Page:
Patent troll wants $2 billion from Apple for use of emergency service chip

patent

A patent troll in Germany is demanding that Apple give them over $2 billion dollars.

IPCom wants €1.57B ($2.12B) from Apple because IPCome owns the patent to an emergency standard that all phones, including the iPhone, are required by law to have.

The standard is a chip that allows emergency services to communicate in an area even when the mobile traffic is heavy. It is something that is especially vital in a crisis situation, but given the amount of people with mobile phones, it is also something that has become vital in an every day capacity as well.

The European Patent Office has turned down a joint request by Google, Ericsson, Vodafone, Apple and HTC, to declare the patent invalid, since it is a function that they are required to have. The reason the office turned it down is because IPCom has sued companies like Nokia before and won their case. So it isn’t looking too good for Apple, although we reckon Apple has better lawyers than Nokia.

[via 9to5Mac, The Wall Street Journal]

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3 comments

  1. Ashraf
    Mr. Boss

    [@Mike S.] It is a patent troll by the definition of simply holding patents and making money by licensing and/or suing instead of actually making tech with those patents. That is quite literally what patent trolling is.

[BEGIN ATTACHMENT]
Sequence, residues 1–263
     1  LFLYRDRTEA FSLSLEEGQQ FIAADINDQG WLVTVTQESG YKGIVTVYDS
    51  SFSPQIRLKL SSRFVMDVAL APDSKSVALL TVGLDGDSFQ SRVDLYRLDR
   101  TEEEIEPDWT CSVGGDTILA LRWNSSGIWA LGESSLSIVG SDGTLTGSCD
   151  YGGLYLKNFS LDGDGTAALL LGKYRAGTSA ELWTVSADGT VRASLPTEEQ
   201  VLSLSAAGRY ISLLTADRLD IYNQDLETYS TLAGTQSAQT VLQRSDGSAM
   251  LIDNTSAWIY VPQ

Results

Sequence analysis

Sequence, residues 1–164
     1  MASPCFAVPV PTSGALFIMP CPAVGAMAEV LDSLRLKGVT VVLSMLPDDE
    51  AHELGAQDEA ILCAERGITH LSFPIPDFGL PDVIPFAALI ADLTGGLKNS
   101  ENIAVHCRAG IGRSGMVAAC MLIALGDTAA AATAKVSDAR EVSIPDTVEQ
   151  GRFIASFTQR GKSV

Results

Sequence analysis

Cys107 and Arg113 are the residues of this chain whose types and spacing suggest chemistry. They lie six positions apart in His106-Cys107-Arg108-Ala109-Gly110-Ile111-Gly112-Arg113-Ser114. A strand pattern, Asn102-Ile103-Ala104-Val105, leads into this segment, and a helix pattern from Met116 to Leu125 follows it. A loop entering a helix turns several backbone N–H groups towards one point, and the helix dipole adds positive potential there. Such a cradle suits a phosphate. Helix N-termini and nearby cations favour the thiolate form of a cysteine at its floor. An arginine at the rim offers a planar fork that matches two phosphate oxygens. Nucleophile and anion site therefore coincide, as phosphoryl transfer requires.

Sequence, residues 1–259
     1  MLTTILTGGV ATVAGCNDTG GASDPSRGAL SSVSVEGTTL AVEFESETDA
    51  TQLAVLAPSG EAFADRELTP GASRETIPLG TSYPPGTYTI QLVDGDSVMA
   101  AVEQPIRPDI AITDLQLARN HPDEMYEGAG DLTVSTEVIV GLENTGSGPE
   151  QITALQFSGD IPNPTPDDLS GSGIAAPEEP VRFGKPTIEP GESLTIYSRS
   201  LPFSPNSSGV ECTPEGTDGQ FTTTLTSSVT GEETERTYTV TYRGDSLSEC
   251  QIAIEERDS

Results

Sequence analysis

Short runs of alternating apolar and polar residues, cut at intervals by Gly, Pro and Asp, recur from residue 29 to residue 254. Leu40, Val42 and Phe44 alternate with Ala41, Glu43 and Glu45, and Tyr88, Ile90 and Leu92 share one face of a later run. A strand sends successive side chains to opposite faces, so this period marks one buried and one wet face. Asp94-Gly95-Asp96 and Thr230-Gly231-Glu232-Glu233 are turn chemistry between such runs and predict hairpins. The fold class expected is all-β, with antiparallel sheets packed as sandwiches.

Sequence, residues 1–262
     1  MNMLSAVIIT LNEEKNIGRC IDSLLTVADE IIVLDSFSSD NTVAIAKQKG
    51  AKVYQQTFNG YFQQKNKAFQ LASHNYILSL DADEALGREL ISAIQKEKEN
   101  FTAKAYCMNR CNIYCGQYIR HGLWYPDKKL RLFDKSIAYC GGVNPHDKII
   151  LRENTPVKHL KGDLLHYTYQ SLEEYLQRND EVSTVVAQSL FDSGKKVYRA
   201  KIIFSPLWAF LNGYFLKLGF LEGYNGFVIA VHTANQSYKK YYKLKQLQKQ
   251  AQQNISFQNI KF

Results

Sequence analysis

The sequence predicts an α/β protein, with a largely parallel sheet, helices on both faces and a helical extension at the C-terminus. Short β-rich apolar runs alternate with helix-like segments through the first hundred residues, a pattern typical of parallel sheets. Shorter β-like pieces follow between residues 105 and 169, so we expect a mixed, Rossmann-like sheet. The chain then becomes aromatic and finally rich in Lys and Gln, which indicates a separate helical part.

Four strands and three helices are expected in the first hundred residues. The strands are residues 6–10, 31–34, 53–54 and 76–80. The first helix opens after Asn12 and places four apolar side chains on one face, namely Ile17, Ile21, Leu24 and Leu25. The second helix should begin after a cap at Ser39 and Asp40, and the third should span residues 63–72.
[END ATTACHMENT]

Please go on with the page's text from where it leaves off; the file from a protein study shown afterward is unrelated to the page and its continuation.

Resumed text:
Plus, the big issue here is, the law requires phones to have the chip in it. Why should Apple — or anyone — pay this company billions of dollars to use tech required by law? Sounds to me like a FRAND case but I believe FRAND doesn’t cover tech required by law — only tech required by standards.

  2. Mike S.

    And so, Jeff, why do you call IPCom a “patent troll”–are there other facts as to that, not in the article? And would Apple be a patent troll as well, then, as it tries to get and sometimes gets patents on basic smartphone operations or designs, which others consider to be “normal” operations and design long in the public domain, Apple presumably doing so to try to stop others from using those operations and designs?

    In the end, an inventor presumably created the technology that IPCom now owns and got a patent on it, just like Apple does with technology that it presumably creates, and IPCom now is enforcing those patent rights (which perhaps the inventor sold to it, to try to make money off of his/her invention). Where does the pejorative idea of a troll come in?